In a previous blog post I wrote about The Daily Five and the ways in which its implementation can be enhanced through the use of technology. In this post, I would like to briefly touch upon other “teacher books” that can be used along with The Daily Five.
As of this moment, one of the bigger movements in my school district at the elementary level involves The Daily Five, by Gail Boushey and Joan Moser. “The Daily Five is a series of literacy tasks (read to self, read with someone, writing, word work, and listening to reading) which students complete daily while the teacher meets with small groups or confers with individuals.” The book “explains the philosophy behind the structure,” and it shows teachers how to train “students to participate in each of the five components.”
As teachers begin to implement different aspects of the Daily Five into their classrooms, many teachers have been curious as to how one would integrate technology with the Daily Five. Here is a quick list that might prove useful (and I will probably refer back to this during my own literacy instruction):
As I continue to research how iPads can be used in the classroom, I have created a website that could serve as the basis for iPad professional development. Also, it is a resource that could be helpful when carrying out related lessons in the classroom, and students could use the website to do some exploration of their own.
Some of the website’s features include: an overview of the physical features and functions of the iPad; a collection of apps, which are organized by subject or topic; a list of various iPad-related websites that cover a wide array of topics; frequently asked questions; and exercises that teachers can perform in order to familiarize themselves with the ways in which apps can be used to support best practice.
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Prior to the start of this school year, teachers in my district participated in two days of professional development. On the second day, I was supposed to co-present on unique ways in which Google tools can be used in the classroom. Unfortunately, other segments of the professional development ran longer than expected, and my presentation did not take place. (Nonetheless, there was time for me to show Tony Wagner’s TEDx Talk from last April.) Throughout the course of the year, I hope to present the Google information across various faculty meetings. Here is a quick snapshot of the material.
On April 4th and 5th, I attended this year’s Google Teacher Academy (GTA), which was held at the Google office in London, England.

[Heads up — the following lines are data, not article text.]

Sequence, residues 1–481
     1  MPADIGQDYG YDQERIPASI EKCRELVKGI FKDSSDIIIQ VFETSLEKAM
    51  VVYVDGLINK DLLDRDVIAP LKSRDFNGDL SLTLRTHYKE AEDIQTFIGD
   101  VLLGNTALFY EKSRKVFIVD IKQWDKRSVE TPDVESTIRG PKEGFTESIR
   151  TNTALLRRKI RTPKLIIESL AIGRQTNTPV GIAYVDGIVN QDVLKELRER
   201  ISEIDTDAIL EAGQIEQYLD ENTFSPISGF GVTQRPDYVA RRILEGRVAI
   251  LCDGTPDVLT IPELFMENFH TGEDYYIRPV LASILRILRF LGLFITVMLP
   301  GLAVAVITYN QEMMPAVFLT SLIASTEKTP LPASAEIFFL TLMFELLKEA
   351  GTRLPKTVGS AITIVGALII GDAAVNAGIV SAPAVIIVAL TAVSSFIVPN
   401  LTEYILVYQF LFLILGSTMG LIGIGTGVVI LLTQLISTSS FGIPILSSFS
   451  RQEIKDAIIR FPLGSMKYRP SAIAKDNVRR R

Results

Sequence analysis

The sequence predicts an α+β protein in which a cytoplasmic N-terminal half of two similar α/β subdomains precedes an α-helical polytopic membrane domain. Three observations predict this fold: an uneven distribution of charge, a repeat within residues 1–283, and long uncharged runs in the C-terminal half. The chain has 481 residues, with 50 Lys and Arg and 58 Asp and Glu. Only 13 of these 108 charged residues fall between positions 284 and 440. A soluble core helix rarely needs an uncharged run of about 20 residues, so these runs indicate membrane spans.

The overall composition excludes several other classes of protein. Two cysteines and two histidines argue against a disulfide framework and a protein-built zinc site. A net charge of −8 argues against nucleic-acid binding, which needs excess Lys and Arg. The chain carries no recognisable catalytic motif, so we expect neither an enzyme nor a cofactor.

“The Google Teacher Academy is a free professional development experience designed to help K-12 educators get the most from innovative technologies. Each Academy is an intensive, one-day event [with an optional second day] where participants get hands-on experience with Google's free products and other technologies, learn about innovative instructional strategies, receive resources to share with colleagues, and immerse themselves in an innovative corporate environment. Upon completion, Academy participants become Google Certified Teachers who share what they learn with other K-12 educators in their local region.”
Recently, my Pinball Wizard project was chosen as the Grand Prize winner for the Primary/Secondary Cross-Curricular category in the Adobe Education Exchange 2011 Educators' Choice Awards. This is a contest that features innovative teaching and learning materials, which are created with the help of Adobe products. Many of the teachers in my district and students at my school helped to support me in this endeavor, and I cannot thank them enough. As a result of the contest, I have won a 15-inch MacBook Pro (which I am typing on right now) and the Adobe Creative Suite 5.5 Master Collection (which I am still waiting for in the mail). Also, after the contest, the PR manager from Adobe contacted me about doing an interview with one of their bloggers. The interview can be found here.
Below is a description of the Pinball Wizard project. This description was a part of my entry, along with the project’s website, student samples, and a video of students playing on their pinball machines.
My district starts off every school year with two days of staff professional development, which takes place at the building level. This year, my principal asked me to share with the other teachers what I had learned at this summer’s Apple Distinguished Educator (ADE) Summer Institute in Arizona. My presentation took place during the second day of our professional development, and it lasted for about an hour.